On Christmas night, John took Joshua upstairs for a bath and bed, and I remembered the cake.  So he came back down in his pajamas and helped me cut and serve the cake before bedtime.  Instead of singing happy birthday, we prayed and thanked God for the precious gift He gave us 2000 years ago when He came in the form up a baby, wrapped in swaddling cloths.  

What a gift that was.

Christmas Holidays Part Two

The holidays are over.  My family returned to Canada.  John's work schedule is back to normal. The tree will be coming down as soon as I get out to buy a plastic storage bin for all the ornaments.  All that remains of my Christmas cooking is a bit of turkey in the freezer.  Even the broth from the turkey carcass is gone; I made potato & cabbage soup for lunch on the last day of my family's visit.  All that's left is that little bit of turkey, a tree that needs to come down....and a bunch of memories.  They're good memories, though, and it was a fun Christmas.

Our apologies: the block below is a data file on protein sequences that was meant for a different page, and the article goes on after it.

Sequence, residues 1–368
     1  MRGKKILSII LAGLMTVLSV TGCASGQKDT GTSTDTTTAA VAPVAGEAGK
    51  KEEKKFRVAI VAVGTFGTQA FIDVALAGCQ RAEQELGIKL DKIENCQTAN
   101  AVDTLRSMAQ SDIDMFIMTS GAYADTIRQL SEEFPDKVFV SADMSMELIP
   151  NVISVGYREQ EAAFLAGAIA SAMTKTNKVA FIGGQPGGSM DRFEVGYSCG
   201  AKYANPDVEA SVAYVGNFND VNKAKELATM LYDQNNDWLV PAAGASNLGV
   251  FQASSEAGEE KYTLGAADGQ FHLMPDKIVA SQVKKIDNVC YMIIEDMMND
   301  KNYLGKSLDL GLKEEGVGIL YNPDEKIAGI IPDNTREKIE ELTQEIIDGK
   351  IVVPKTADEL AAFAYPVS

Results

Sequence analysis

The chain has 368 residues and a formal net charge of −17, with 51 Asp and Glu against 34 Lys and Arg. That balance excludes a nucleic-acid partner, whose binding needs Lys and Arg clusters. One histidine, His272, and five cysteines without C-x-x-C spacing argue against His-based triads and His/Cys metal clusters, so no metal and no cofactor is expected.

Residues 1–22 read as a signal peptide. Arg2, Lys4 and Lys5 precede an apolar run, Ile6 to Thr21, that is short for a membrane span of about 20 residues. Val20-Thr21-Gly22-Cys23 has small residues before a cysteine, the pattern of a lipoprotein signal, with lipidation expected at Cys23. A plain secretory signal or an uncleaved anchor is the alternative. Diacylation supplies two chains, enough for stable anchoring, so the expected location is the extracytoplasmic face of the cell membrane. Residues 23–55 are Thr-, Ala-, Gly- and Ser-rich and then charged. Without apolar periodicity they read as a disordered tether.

My parents, and my brother Derek arrived on Christmas Eve, just in time for dinner.  I had cranberry meatballs in the crock pot, and a variety of finger foods already made in the fridge.  There were fiesta pinwheels, hummus and mini pitas, artichoke & spinach dip with pita chips, antipasto pasta salad, veggies & dip, and I sliced up the leftover summer sausage that didn't make it to the antipasto salad.  Finger foods are so fun, and I would have enjoyed doubling my list for the pure enjoyment of making them, but there were only five adults to eat the spread.